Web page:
Santa Clara County Supervisors Unanimously Approve Bail Reform - NBC Bay Area
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Santa Clara County Supervisors Unanimously Approve Bail Reform

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    The Santa Clara County Board of Supervisors on Tuesday unanimously approved a set bail reform recommendations.

    The board passed six recommendations from a final Bail and Release Work Group consensus report that will eventually offer low-income, low-risk and non-violent offenders in Santa Clara County an opportunity to leave jail while waiting for trial.

    Supervisor Cindy Chavez said the goal of the recommendations is to make sure people who commit low-level crimes and can't afford bail have a chance to leave jail while awaiting trial, with the goal of ensuring public safety at the same time.

    All of the final judgments for release will still be left up to a judge.

    The work group has been discussing the six recommendations for two years, Chavez said.

    Among the more noteworthy recommendations passed is one to fund bail for low-income inmates from a community-based fund. Chavez said she considers it groundbreaking.

    "It's passed, and it's pretty phenomenal. It's a very different approach. We'll be the first in the state to do this," she said.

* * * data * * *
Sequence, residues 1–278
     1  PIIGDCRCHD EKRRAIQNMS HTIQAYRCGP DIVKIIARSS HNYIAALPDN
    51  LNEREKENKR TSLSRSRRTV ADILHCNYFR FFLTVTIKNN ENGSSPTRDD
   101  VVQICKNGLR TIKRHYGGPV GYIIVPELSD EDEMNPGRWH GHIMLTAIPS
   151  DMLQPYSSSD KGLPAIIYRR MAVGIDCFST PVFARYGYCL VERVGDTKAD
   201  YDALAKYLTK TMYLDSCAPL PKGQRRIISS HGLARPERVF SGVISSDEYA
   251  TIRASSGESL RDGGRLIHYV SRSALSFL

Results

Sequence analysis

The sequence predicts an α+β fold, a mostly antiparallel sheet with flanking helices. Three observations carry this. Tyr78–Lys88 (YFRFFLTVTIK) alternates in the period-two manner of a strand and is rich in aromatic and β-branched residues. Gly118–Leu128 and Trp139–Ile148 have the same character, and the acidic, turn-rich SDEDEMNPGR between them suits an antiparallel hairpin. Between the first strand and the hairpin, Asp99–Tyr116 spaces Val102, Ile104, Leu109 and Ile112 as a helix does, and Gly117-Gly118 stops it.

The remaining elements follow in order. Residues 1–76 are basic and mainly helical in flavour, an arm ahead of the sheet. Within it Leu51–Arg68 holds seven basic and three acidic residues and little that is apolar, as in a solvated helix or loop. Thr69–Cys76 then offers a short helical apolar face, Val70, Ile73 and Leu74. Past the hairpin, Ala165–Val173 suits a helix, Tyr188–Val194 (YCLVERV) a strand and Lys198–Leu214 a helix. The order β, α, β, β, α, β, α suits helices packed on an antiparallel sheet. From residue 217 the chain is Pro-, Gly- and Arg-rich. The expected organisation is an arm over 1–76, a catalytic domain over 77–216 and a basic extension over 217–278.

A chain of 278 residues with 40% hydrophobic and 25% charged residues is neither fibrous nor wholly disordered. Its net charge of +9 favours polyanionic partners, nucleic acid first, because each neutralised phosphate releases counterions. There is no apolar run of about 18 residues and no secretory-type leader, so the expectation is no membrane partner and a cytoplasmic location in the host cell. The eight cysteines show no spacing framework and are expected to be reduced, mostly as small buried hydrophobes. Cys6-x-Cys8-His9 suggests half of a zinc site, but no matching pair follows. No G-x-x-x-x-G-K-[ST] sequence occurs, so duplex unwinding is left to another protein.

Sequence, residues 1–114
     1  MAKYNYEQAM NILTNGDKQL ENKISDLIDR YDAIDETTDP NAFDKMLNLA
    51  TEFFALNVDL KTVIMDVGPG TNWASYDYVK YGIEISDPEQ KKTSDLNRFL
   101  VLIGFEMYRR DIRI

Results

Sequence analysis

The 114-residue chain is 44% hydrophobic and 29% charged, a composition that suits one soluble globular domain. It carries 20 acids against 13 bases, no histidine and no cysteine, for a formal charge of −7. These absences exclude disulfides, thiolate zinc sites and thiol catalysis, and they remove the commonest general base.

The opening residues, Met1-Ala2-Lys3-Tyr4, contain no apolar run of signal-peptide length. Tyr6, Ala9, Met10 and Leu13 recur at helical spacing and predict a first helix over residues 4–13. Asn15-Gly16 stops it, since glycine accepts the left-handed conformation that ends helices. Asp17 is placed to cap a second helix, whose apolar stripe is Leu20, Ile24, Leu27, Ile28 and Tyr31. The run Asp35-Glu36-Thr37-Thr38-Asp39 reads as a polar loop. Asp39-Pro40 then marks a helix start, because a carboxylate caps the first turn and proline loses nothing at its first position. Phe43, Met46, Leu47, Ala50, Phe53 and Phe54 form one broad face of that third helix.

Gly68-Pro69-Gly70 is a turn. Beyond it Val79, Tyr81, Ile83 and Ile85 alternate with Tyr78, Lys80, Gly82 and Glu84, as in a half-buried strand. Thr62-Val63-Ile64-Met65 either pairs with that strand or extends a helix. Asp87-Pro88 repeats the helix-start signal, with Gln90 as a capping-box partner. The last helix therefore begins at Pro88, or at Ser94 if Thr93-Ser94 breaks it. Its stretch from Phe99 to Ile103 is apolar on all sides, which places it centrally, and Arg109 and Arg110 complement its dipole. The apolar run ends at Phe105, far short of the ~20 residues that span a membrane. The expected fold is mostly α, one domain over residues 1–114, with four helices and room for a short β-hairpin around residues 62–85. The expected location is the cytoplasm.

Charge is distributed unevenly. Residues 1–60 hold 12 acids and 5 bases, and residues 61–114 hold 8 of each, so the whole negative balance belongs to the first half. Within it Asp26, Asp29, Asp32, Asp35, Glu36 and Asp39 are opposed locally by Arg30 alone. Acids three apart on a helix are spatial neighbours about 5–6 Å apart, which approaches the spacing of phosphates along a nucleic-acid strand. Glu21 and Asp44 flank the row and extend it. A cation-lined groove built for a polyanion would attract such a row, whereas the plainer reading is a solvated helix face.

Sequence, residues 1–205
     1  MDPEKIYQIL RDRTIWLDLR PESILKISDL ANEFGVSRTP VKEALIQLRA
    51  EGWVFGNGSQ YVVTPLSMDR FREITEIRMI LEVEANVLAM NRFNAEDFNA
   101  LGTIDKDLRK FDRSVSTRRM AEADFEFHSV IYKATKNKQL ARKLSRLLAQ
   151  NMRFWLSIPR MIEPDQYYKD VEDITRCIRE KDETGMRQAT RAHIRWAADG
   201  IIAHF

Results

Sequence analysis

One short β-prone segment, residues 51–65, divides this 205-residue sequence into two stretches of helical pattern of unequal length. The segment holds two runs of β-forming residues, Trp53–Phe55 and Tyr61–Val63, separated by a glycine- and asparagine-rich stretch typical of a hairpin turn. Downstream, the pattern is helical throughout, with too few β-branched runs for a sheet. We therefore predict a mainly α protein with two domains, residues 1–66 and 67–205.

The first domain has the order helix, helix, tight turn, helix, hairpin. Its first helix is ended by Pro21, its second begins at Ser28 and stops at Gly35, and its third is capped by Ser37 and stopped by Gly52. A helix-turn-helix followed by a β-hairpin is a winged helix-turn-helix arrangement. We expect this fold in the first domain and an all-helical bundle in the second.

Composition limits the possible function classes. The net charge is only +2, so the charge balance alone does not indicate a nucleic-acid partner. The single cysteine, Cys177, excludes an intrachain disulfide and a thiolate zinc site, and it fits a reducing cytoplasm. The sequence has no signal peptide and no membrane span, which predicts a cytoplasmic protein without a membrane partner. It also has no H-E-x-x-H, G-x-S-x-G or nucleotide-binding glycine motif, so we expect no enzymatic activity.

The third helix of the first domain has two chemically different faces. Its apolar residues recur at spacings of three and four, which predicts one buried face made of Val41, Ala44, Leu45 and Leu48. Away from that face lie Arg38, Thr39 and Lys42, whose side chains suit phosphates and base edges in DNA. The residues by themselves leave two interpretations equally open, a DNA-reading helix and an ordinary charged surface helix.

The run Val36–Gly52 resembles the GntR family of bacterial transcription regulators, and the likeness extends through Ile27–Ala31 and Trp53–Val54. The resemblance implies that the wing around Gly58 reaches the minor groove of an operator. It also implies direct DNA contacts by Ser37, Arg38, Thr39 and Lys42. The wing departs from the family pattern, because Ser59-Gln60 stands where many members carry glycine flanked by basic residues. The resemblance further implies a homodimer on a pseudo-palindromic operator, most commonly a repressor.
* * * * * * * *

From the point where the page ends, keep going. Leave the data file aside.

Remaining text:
The next step for the community bail fund is for a request for proposals from nonprofit groups in the county to operate the fund. The county expects to have the program running by October 2018, if all goes as planned.

    According to Chavez, the work group's focus in crafting the recommendations was to maintain public safety while keeping violent offenders in jail and keeping those who aren't considered violent out.

    Other recommendations were: having low-risk inmates who can't afford bail be released on electronic surveillance; a community release project where community-based organizations will monitor defendants released before trial; and a program to collect and share data on the performance of suspects released on bail bonds without pretrial supervision.

    According to Chavez, an estimated 55,000 people are processed into the county jail each year, which houses an average of 4,000 inmates in one night, she said. Chavez estimated that the cost for an inmate to spend the night at the jail is somewhere between $120 and $190.

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